First of all, this is NOT a typical rail-trail. The best flat section for a nice family ride is from the Duneside parking lot to Forest Haven Rd. near Glen Arbor, four miles one way. This is a nice area going through several habitats from forest to field.
The other sections of this trail would be great for road bikers who are used to steep hills and rides on country roads. From Forest Haven Rd. you have to ride through the town of Glen Arbor on regular roads, some with no shoulders at all, to the trailhead at Crystal River. From here there is a really nice wetland area you cross on a wonderful bridge. After that, I used all 21 of my gears on my hybrid bike to tackle some hills (I'm an old lady!). Then I hit the gravel dirt area and even my 700 x 45 wheels slid a bit. The gravel was loose and there were ruts in the trail, not like the many nicely compacted limestone rail-trails I have been on.
In general, this is a beautiful trail that will be enjoyed by many over the years. Signage has been improved and hopefully, the Port Oneida section will either be compacted more or paved.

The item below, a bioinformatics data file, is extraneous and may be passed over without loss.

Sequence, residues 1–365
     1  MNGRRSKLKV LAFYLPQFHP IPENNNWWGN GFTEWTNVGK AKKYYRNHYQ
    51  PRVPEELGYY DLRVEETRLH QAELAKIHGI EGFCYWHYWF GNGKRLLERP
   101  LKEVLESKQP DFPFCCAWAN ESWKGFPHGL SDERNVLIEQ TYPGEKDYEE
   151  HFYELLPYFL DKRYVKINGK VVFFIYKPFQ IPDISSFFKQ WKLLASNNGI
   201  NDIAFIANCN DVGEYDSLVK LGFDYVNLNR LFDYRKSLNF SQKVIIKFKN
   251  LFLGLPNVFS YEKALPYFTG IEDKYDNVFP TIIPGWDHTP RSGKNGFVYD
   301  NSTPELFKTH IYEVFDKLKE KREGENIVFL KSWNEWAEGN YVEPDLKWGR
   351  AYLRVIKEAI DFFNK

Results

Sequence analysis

This is an incredibley amazing trail, not for the faint of heart as there are some really steep hills that awesome in one direction and a real pain in the other. One of the best I've been on so far. Double bonus when the colors are on.
Northern Michigan has a number of very scenic bike trails such as the Huron Sunrise Trail and the North Central State Trail. However based on my experiences of having ridden on well over 100 trails from coast to coast I believe that the Sleeping Bear Heritage Trail will become the gem of the Michigan trail system and one of the most popular “one day rides” in the country once it is completed and the bugs of the trail system are worked out.